BOOK REVIEW: No Sad Songs by Frank Morelli

Format: Paperback, ARC
Links: Goodreads | Amazon UK
Blurb: Following a family tragedy, 18-year-old Gabe LoScuda suddenly finds himself thrust into the role of caregiver for his ailing grandfather. Between the shopping trips and the doctor visits with Grandpa, Gabe and his friend John try to salvage their senior year, meet girls, and make the varsity baseball team. It doesn’t take long for Gabe to realize that going to school and looking after a grandfather with Alzheimer’s is more work than he ever imagined.

And when long-lost Uncle Nick appears on the scene, Gabe soon finds that living with Nick and Grandpa is like babysitting two grown men. Aside from John, the only person who truly understands Gabe is Sofia, a punk-rocking rebel he meets at the veteran’s hospital. When these three unlikely friends are faced with a serious dilemma, will they do what it takes to save Grandpa? If there’s a chance of preserving the final shreds of Grandpa’s dignity, Gabe may have to make the most gut-wrenching decision of his life—and there’s no way out. Continue reading

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What I read in January

At the beginning of January, I set myself a goal to read 4 books this month. I know, not a lot compared to all y’all hard-core readers out there but I vowed I wouldn’t set myself any unrealistic and unreachable goals this year. So far, I haven’t. I completed my 4 books goal – actually exceeded it! I have reviewed all of them in full but I wanted to do a little round-up today so I can keep track and look back and be like yassssss, slayed it. You know what I mean. I’m also thrilled to look at this post and see lots of different types of books and genres. I’ve certainly not just stuck to my favourite genres this month and by doing so, have found some really wonderful books. So anyway, on with the post!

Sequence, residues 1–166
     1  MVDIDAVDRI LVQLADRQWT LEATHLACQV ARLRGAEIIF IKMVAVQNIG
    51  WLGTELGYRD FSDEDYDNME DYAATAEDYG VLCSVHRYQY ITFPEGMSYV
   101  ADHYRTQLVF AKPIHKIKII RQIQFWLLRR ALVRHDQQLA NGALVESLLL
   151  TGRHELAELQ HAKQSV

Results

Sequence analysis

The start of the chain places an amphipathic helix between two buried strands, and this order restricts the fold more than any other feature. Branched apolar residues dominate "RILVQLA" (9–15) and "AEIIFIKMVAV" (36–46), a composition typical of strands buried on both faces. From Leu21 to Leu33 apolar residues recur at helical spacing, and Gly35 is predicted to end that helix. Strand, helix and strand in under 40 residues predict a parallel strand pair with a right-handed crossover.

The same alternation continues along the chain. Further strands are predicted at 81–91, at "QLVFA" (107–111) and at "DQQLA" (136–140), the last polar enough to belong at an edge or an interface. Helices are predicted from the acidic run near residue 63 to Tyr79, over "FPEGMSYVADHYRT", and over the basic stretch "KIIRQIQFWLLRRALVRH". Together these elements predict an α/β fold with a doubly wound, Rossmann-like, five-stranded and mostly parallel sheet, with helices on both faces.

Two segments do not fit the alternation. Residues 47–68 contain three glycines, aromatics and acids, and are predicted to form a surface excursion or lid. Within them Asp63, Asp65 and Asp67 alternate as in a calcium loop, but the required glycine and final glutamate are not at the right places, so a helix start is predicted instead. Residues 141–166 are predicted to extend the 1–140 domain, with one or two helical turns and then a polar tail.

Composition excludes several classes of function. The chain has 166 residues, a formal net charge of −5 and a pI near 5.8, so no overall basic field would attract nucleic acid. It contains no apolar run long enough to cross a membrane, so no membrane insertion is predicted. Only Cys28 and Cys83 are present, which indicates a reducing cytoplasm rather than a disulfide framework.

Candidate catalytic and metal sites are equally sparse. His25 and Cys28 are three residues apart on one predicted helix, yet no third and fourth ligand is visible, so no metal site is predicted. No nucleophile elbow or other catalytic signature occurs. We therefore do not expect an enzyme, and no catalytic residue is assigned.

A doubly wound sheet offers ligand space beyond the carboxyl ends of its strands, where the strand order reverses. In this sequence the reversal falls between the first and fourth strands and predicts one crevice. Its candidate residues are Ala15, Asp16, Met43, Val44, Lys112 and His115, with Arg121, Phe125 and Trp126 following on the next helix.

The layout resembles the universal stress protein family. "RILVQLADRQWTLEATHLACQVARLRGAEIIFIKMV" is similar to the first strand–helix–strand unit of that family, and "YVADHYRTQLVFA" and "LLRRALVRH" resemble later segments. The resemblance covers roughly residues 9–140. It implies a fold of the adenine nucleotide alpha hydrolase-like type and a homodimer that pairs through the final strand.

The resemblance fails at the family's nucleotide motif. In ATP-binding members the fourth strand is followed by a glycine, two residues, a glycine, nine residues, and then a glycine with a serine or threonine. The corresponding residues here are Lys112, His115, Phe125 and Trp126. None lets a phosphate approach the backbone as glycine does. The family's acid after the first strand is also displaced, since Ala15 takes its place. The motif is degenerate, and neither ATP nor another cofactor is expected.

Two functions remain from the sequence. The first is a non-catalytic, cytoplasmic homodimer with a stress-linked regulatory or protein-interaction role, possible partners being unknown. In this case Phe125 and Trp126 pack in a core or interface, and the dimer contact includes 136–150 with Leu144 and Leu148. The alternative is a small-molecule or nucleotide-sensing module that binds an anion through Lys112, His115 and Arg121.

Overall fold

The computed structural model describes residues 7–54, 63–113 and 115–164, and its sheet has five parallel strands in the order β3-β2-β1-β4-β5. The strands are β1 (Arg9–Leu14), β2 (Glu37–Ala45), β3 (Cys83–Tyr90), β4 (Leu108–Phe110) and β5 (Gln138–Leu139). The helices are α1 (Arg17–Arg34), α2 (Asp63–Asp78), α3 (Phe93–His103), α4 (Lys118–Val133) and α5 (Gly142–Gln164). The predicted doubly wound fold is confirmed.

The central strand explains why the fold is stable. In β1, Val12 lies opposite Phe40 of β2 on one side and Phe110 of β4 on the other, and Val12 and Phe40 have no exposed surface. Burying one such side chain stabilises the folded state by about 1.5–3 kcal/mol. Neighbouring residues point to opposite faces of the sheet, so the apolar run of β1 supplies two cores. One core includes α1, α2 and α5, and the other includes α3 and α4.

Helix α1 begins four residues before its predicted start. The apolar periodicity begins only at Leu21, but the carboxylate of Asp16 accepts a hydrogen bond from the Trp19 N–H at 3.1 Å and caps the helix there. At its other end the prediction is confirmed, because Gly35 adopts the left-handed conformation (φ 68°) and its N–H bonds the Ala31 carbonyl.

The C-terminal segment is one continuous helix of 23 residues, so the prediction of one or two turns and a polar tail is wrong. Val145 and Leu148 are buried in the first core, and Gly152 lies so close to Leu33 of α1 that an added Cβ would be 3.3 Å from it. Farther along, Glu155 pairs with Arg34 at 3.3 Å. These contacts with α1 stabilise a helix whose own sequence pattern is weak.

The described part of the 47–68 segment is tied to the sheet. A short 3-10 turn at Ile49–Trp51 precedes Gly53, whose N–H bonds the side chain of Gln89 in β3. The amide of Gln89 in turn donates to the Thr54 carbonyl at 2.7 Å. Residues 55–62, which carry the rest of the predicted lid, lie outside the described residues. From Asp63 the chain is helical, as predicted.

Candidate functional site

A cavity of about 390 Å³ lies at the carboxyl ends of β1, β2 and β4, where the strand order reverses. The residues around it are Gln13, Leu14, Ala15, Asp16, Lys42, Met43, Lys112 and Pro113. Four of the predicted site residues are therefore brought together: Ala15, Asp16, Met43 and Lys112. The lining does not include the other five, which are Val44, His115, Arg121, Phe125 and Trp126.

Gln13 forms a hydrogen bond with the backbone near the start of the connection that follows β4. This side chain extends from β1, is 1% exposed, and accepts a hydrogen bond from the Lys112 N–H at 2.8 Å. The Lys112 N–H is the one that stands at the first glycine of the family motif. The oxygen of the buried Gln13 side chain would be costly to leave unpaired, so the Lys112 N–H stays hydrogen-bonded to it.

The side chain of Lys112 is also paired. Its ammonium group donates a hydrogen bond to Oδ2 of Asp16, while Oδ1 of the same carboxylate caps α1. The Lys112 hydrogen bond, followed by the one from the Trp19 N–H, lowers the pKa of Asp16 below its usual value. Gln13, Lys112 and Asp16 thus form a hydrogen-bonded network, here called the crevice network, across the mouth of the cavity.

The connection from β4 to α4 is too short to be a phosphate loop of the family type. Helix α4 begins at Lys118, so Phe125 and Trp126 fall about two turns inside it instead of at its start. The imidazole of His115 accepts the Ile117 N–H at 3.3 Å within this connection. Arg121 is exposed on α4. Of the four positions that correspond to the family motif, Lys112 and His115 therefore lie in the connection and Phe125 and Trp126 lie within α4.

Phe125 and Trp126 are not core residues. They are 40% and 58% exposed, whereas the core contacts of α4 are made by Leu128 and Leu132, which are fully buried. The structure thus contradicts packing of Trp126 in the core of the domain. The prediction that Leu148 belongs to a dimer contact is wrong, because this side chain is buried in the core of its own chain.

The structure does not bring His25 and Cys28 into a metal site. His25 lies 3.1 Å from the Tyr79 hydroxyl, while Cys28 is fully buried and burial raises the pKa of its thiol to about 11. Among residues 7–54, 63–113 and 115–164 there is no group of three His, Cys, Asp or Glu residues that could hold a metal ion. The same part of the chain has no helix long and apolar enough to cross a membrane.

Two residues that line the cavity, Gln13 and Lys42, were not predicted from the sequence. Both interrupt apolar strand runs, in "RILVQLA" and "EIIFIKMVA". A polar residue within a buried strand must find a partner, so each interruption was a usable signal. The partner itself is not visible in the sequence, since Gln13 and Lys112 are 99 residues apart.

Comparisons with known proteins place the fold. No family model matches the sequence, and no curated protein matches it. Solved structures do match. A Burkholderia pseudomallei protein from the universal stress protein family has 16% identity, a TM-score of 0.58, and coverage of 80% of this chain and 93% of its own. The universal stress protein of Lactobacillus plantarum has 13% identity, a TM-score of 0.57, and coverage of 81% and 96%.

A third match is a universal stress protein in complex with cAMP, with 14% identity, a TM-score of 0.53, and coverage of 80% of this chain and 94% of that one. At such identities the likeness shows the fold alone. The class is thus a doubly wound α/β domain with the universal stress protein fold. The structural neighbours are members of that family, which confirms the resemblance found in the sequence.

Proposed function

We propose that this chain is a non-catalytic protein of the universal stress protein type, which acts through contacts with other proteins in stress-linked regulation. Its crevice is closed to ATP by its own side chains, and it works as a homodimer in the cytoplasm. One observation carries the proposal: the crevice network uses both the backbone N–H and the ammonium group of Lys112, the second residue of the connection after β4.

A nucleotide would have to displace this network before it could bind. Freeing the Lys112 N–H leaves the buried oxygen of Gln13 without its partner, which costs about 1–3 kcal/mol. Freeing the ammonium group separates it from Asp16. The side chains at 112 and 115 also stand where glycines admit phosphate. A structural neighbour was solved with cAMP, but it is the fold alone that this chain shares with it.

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BOOK REVIEW: How to Disappear by Sharon Huss Roat

Format: Hardback, giveaway prize
Links: Amazon UK | Amazon US | Goodreads
Blurb: Vicky Decker has perfected the art of hiding in plain sight, quietly navigating the halls of her high school undetected except by her best (and only) friend, Jenna. But when Jenna moves away, Vicky’s isolation becomes unbearable.

So she decides to invent a social life by Photoshopping herself into other people’s pictures, posting them on Instagram under the screen name Vicurious. Instantly, she begins to get followers, so she adds herself to more photos from all over the world with all types of people. And as Vicurious’s online followers multiply, Vicky realizes she can make a whole life for herself without ever leaving her bedroom. But the more followers she finds online, the clearer it becomes that there are a lot of people out there who feel like her— #alone and #ignored in real life.

To help them, and herself, Vicky must find the courage to face her fear of being “seen,” because only then can she stop living vicariously and truly bring the magic of Vicurious to life.